Inflation is showing us how and where to trade
Look, let me make one thing clear…
I’m not fighting inflation right now. I’m playing it for money.
I’ll show you how in just a little bit, but first I’ve got to set the stage.
As you know, I love food almost as much as I love helping you make money.
So, whenever I have the chance to combine two of my biggest passions for a tasty analogy, you better believe I’m gonna skewer it up and throw it on the grill.
Onions – one of the most versatile players in the culinary game – have layers (just ask Shrek).
Well, our current inflationary disaster is also multilayered…
On that note, the Fed’s John Williams took to the podium Monday and broke down the three layers of this current “inflation onion” we’ve been chewing on…
As it stands, they are as follows:
THE WILLIAMS INFLATION ONION
- Outer Layer: Globally traded commodities like lumber, steel, grains, oil
- Middle Layer: Products like automobiles, furniture, appliances
- Inner Layer: Overall balance between supply and demand
This is something we’ve talked about a little at the granular level.
Back in January, we discussed the “economic supercycle,” which has kind of reset itself and started over again.
Bonds always tumble first, then it’s equities, then it’s commodities. We’ve seen that here over the last six months, as commodities have finally tipped over.
And when they did tip over, it was lumber, copper, palladium, and some of these hard commodities that tend to give you some kind of indication of where the market’s going.
But it might make more sense to think about this as “trickle-down inflation.”
At the outer layer, the consumers’ eyes are not watering from the onion.
But when we get to the second layer – where we currently sit – that starts changing. Automobiles, furniture, appliances, airline tickets – all of these consumer discretionaries we’ve talked about that are infected by inflation are now in the crosshairs.
Suddenly you – the consumer – can feel your eyes start to well a little.
We’re talking about companies like Home Depot, Whirlpool, and Lowes. These are going to be that middle layer of the onion to tell you how inflation is making its way through the economy.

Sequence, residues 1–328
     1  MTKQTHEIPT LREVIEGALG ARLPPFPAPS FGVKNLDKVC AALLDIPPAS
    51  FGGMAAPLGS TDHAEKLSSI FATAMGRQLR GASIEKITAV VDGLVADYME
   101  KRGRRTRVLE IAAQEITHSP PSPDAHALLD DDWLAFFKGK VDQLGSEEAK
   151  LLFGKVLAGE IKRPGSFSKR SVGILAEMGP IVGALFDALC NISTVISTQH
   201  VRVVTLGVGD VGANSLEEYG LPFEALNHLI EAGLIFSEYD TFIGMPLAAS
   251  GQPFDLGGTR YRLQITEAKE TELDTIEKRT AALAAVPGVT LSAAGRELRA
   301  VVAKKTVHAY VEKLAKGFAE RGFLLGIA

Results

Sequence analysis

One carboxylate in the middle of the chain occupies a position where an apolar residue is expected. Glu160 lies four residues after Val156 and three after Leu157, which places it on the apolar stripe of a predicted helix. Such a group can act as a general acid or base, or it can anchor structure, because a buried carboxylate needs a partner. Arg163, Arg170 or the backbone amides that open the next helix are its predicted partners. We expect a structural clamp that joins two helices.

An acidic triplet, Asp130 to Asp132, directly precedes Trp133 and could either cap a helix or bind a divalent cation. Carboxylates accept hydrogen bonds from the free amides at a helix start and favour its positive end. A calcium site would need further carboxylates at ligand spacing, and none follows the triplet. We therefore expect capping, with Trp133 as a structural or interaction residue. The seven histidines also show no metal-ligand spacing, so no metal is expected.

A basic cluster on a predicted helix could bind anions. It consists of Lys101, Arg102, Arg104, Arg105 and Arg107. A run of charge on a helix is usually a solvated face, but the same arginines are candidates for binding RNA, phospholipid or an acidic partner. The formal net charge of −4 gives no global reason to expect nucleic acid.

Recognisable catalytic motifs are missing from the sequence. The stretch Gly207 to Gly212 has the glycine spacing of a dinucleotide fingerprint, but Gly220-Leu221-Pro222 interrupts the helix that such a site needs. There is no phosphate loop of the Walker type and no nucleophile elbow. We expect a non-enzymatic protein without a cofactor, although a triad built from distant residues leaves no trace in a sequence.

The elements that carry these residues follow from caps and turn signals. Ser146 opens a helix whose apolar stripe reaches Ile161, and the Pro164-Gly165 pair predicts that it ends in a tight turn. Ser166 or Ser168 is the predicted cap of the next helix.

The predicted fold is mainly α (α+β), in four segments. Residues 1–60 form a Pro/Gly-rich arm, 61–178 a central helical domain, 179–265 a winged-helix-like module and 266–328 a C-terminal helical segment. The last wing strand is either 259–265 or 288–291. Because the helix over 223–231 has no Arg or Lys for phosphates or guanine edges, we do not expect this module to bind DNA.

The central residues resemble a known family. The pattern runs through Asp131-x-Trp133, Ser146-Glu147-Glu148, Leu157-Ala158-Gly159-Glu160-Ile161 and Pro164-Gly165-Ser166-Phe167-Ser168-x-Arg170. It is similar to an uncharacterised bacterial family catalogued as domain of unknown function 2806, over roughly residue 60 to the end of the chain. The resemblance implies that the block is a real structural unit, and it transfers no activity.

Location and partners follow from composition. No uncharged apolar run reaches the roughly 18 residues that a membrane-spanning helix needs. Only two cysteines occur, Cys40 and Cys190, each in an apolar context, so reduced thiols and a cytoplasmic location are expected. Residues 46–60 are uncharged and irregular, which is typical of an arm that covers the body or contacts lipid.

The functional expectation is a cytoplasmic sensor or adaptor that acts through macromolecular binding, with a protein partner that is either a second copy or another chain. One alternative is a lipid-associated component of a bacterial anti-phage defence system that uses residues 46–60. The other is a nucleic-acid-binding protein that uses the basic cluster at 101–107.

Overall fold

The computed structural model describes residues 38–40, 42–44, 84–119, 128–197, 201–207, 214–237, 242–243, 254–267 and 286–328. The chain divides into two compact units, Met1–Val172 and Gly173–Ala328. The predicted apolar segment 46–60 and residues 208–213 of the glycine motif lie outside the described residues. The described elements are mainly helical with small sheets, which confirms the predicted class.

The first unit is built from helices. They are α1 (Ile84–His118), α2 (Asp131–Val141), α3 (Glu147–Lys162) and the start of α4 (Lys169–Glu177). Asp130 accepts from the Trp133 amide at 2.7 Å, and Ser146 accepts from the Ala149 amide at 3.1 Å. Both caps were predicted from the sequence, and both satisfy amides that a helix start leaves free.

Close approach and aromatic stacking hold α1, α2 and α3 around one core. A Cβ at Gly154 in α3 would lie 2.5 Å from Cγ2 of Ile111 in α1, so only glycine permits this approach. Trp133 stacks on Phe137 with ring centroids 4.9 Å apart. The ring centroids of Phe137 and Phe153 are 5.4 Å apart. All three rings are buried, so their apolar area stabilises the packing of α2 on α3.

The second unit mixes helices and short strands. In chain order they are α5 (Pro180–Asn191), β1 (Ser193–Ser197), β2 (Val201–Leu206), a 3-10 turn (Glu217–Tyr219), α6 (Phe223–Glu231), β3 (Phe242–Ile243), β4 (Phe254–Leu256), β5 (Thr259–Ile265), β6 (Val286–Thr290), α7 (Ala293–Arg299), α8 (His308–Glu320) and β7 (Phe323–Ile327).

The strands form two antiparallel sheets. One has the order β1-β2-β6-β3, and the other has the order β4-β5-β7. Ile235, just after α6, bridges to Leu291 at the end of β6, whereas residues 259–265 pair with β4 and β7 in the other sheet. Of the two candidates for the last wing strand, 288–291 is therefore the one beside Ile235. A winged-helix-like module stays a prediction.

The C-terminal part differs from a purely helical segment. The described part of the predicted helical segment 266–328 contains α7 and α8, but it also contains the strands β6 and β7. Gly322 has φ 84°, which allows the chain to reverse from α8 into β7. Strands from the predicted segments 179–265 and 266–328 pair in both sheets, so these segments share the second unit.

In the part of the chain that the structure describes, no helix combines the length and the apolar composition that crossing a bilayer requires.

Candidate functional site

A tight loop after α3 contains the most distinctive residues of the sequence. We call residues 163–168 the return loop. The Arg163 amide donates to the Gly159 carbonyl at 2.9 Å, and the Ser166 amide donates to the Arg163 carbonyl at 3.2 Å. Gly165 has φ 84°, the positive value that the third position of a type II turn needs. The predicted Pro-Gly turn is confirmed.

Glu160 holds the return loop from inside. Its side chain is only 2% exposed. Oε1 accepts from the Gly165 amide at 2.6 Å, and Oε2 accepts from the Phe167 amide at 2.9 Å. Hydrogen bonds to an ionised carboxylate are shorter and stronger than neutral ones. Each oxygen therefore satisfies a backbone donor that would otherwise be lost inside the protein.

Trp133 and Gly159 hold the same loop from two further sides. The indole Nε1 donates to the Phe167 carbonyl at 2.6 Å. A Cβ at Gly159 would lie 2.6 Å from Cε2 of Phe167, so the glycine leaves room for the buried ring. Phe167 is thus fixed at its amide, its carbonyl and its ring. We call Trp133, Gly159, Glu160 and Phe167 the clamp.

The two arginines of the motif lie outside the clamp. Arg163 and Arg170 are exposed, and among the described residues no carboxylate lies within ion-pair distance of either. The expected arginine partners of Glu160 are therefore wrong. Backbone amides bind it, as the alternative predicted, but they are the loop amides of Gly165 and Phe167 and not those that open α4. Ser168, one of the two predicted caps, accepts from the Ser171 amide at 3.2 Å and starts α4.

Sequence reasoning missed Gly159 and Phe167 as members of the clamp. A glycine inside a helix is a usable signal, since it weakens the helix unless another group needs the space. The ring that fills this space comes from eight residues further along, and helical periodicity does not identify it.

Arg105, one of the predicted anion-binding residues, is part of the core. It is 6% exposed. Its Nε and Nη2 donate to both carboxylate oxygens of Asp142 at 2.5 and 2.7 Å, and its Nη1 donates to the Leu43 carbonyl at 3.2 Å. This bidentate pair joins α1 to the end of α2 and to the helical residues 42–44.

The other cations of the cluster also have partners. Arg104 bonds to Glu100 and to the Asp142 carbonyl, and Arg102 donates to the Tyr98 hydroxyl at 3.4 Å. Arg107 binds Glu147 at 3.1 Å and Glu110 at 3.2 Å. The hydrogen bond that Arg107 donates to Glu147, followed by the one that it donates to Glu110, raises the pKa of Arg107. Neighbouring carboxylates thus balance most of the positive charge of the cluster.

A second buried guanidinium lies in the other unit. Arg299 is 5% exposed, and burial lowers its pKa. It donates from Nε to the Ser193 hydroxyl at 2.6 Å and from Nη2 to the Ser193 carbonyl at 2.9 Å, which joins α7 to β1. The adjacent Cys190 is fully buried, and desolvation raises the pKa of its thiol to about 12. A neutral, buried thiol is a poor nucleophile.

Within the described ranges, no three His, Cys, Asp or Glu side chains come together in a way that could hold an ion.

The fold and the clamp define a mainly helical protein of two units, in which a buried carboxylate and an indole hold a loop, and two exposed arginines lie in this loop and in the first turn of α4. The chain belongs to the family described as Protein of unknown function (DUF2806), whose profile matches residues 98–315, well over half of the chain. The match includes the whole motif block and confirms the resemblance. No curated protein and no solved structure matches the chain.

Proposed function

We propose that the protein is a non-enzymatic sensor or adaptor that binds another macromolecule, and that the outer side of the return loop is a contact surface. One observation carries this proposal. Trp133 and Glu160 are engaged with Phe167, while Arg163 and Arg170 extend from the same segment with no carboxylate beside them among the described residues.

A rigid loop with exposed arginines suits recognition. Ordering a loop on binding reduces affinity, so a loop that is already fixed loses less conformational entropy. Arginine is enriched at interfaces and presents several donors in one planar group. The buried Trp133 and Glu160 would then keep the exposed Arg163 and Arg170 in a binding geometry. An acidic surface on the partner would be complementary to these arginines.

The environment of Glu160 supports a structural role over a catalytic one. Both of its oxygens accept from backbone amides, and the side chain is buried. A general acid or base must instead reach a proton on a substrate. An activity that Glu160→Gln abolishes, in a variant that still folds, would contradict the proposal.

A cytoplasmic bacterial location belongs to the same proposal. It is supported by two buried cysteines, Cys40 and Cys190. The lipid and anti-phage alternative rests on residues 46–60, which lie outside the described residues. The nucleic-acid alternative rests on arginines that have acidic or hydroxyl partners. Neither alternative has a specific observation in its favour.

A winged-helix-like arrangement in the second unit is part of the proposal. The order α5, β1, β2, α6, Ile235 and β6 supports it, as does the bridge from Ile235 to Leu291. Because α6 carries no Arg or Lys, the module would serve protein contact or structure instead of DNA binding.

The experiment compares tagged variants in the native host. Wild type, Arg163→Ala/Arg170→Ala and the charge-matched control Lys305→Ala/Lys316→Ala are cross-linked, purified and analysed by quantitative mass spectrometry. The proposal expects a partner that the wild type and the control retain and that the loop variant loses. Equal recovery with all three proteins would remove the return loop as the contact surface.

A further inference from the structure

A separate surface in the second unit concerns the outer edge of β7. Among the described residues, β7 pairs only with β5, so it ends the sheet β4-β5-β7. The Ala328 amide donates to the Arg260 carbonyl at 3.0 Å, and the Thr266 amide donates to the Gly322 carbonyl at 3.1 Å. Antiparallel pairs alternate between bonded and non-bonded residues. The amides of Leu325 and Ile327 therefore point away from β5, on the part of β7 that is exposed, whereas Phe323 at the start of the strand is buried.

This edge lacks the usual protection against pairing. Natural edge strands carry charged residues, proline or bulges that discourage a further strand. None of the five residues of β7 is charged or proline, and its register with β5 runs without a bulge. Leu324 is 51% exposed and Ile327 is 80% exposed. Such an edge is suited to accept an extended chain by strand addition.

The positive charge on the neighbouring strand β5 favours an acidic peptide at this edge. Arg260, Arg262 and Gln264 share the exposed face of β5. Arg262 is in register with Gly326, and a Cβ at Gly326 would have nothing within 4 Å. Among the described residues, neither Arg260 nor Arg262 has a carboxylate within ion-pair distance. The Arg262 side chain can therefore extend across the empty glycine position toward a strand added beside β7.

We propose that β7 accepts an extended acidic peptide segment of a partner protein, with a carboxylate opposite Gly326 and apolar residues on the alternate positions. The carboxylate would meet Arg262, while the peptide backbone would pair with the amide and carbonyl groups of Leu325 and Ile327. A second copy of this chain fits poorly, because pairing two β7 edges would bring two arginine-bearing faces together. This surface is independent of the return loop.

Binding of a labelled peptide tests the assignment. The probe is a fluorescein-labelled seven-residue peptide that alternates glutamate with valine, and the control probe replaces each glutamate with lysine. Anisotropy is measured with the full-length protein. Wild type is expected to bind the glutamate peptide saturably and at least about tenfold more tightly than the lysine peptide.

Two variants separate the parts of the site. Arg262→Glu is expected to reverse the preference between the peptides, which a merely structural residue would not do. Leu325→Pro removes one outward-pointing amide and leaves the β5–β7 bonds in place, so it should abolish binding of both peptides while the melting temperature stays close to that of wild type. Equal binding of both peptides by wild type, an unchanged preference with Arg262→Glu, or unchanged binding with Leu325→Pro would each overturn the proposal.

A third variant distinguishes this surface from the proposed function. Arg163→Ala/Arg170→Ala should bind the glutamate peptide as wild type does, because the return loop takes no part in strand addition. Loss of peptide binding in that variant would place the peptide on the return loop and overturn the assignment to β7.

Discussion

Lastly, the inner layer is the overall balance between supply and demand. That’s really where the magic happens. That’s where we’re trying to get to right now.
We’ve had a situation where demand has been way higher than supply. Even if the pandemic weren’t a factor, the difference between the two would still cause inflation.
So, we’re still peeling, looking to get through that middle layer.
But… at some point during the next 6-9 months, we’re going to start to see supply and demand balance out. And that’s the point where the Fed’s going to say, “Let’s take our foot off the gas here.”
Of course, that brings us to the biggest question – how do we trade that?
Well, this sets the stage for what’s to come in this inflationary cycle.
I’ve been telling everybody when we look at our Skittles Chart that I go straight to the heart of where those onion peels are coming off.
The SPDR S&P Homebuilders ETF (XHB), the Materials Select Sector SPDR Fund (XLB), the Consumer Discretionary Select Sector SPDR Fund (XLY) – these three should continue to see weaker demand in the coming months.
Companies like Aaron’s Company (NYSE: AAN), Brunswick Corporation (NYSE: BC), La-Z-Boy (NYSE: LZB), Home Depot (NYSE: HD), Lowe’s (NYSE: LOW) – all the consumer discretionaries. These are the ones that are going to continue to get bled as we see that inflation onion peel back.
That’s how you make money on it right now. You don’t trade the energy trade, because it’s going to whip all over the place (and eventually fall down).
Follow the onion. In the markets and the kitchen, honestly.
You’ll be better off as a result.
October 06 2022